A big night at Vincenzo's
Small Springdale 'ristorante' has the soul and authentic food a chain lacks
BY POLLY CAMPBELL
The Cincinnati Enquirer
In the movie Big Night, two Italian brothers try to run a restaurant according to artistic and personal principles but lose out to the crassly commercial showman down the street.
In the '50s, when the movie is set, what people wanted wasn't seafood risotto -- unless it came with a side of spaghetti and meatballs.
The Italian restaurant scene has changed in 40 years, but the conflict between personal expression and commerce never goes away.
With Italian restaurants in all price ranges as competition, a small, personally run ristorante is as risky a business as ever.
Vincenzo Mazzocca has taken the risk by buying Germano's in Springdale last February when Domenico Germano moved to Montgomery.
The new restaurant, Vincenzo's, has the soul that's missing from larger, more heavily capitalized establishments. Plus, it has excellent, creative Italian food.
Mr. Mazzocca, who's originally from Modena and worked at a family business in Florence before moving to the United States, was chef at Champs at the Hyatt, downtown, before cooking at Germano's.
He intends to keep the restaurant as is: small and cozy (there are only 44 seats, most in well-worn red booths) and unpretentious (restrooms have an outside entrance), but charming, the kind of place you'd like to be a regular.
He plans to get a liquor license so he can sell wine, a serious omission now.
I was impressed from my first bite of Funghi con Salsicce ($5.95), mushrooms with slices of Italian sausage in a winey sauce that begs to be mopped up completely with bread.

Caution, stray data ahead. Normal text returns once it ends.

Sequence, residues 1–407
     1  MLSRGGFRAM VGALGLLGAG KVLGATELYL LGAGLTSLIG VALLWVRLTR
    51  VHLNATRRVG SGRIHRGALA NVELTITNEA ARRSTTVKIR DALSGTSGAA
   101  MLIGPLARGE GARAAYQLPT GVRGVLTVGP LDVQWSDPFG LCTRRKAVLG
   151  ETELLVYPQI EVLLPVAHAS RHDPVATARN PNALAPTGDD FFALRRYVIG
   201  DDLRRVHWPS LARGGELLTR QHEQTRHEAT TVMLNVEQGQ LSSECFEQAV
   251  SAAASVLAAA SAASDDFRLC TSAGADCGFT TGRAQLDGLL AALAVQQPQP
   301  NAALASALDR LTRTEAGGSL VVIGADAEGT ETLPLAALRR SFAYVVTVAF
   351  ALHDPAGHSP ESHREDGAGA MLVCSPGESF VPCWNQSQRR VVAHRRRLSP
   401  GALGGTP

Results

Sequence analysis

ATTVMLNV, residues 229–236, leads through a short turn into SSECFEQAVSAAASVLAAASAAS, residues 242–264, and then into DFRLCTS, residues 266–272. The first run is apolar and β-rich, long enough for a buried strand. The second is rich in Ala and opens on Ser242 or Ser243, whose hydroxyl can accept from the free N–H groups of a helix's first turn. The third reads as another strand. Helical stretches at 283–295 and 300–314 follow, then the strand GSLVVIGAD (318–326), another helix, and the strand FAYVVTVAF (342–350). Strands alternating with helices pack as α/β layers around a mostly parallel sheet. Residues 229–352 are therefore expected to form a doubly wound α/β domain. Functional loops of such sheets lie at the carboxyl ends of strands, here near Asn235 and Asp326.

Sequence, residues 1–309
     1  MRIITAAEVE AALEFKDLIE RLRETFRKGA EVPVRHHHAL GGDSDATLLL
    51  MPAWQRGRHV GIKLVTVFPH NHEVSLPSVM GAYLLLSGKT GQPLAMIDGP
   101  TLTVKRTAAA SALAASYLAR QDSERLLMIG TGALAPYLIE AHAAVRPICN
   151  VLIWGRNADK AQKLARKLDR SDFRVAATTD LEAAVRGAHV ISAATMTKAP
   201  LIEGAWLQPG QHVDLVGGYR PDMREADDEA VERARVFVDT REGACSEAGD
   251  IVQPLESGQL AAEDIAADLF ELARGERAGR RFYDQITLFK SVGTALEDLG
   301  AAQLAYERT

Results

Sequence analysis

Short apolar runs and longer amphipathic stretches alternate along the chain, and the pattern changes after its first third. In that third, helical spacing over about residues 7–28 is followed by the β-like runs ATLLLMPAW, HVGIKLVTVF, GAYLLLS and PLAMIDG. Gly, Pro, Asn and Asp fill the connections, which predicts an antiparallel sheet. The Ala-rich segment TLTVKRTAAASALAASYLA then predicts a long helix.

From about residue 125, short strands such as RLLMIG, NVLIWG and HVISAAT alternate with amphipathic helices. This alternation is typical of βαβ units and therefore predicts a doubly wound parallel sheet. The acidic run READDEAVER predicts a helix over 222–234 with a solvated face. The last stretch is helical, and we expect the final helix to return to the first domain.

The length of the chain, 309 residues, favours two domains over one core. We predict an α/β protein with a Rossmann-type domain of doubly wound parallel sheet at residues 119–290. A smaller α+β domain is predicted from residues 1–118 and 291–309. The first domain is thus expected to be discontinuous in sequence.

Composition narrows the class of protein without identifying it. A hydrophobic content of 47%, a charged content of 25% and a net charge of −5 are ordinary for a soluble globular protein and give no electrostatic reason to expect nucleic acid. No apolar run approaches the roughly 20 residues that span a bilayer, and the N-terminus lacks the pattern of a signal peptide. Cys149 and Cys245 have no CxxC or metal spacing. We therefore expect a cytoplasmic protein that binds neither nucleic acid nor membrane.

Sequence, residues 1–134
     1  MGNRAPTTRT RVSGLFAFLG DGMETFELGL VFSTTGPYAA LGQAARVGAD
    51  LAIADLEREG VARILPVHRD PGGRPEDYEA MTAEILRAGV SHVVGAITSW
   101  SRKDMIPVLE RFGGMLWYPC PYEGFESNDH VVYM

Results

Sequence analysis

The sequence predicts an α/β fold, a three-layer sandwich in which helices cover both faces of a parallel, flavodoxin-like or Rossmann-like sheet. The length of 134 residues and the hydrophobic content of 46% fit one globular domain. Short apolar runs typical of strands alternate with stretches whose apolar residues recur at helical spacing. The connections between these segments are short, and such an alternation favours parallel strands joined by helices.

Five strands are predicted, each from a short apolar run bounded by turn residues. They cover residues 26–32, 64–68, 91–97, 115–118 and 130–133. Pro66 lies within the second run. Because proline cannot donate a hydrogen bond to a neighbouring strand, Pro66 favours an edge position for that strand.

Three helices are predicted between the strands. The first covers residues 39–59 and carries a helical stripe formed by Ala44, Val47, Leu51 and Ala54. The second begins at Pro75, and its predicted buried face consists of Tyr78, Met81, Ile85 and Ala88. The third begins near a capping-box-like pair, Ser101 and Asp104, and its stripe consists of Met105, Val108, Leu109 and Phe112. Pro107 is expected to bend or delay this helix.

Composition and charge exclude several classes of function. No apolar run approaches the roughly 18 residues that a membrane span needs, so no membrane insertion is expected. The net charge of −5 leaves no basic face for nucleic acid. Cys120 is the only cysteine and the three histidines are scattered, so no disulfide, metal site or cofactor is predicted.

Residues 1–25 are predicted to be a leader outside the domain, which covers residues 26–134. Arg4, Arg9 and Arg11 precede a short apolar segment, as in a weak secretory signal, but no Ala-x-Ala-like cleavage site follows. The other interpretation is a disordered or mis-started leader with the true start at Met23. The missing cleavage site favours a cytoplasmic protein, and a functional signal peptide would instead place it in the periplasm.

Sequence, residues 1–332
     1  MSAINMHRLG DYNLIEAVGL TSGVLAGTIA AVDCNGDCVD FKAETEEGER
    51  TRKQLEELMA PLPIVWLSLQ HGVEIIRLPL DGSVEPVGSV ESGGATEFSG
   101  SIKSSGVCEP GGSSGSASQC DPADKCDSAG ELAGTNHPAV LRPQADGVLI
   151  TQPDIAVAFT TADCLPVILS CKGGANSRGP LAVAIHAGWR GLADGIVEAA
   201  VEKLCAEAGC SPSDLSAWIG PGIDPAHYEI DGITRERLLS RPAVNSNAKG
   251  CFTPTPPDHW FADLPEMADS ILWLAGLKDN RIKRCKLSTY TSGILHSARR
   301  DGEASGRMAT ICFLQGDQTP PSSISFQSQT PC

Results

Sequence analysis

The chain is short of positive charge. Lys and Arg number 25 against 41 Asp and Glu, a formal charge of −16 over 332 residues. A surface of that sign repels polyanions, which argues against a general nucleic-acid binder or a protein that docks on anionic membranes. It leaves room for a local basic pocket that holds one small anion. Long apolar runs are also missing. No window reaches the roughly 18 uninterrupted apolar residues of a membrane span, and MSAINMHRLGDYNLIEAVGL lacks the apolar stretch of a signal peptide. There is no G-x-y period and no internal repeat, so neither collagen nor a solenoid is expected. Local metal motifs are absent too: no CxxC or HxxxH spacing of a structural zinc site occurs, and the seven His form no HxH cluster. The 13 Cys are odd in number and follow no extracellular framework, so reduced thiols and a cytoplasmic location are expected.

Antipasto Freddo for two ($5.95) is classic: lots of prosciutto and wedges of fresh parmesan, a couple of toasts with a salty olive spread and fresh mozzarella. Caesar salad ($2.95) has a creamy dressing, with an anchovy on top.
Mr. Mazzocca has taken seafood off the regular menu and put it on the ''specials'' board.
There's a veal special, too, and ravioli and a risotto, which makes for a long list for the servers to recite. They do it with little flourish, but they know the dishes well.
Salmone aglio e olio ($15.95) was the dish I wish I'd ordered: angel hair pasta with large pieces of salmon, dried and fresh tomatoes, mushrooms and the olive oil and garlic of the name tying it together in a most savory way.
More suave was Fettuccine con gamberetti from the regular menu ($11.95). Big shrimp and fresh tomatoes infuse an Alfredo sauce with delicate flavor, though one can't call the calorie count delicate.
The soft shell crabs special ($17.95) was prepared the way soft-shell lovers like them: a deep-fried crunch surrounding plump white meat.
What about seafood risotto? It's perhaps not the delicate and authentic version that Primo, the cooking brother in Big Night, stood his ground on, but it's wonderful.
For one thing, it comes in an American-size portion, a sea of just-tender rice. And it's full of perfect scallops and shrimp and chunks of salmon ($15.95).
The only fault I find with Vincenzo's food is that some of the dishes are served with pasta of the day.
One visit it was farfalle Alfredo, which didn't necessarily go with the crabs or the Pollo con Capperi Pommodoro ($11.95), which has its own light and lemony sauce with wine and tomatoes and capers.
Vincenzo's does not take credit cards. If you forget and show up with just a few bucks in your wallet, use it to buy a cup of coffee and some panna cotta ($3.50).
This teacup-size, rum-and-coffee confection is mostly cream, magically densified, and does it ever go down easy.
Three-layer chocolate mousse pie, tiramisu (both $3.50) and raspberry cheesecake ($3.25), are good, too.
Do go to Vincenzo's. Just don't all go at once, because you won't fit. When the restaurant gets its liquor license, it will be an even better bet.
Reviews are done anonymously at Enquirer expense. Ratings take into consideration quality of food, service, presentation and atmosphere, balanced against price.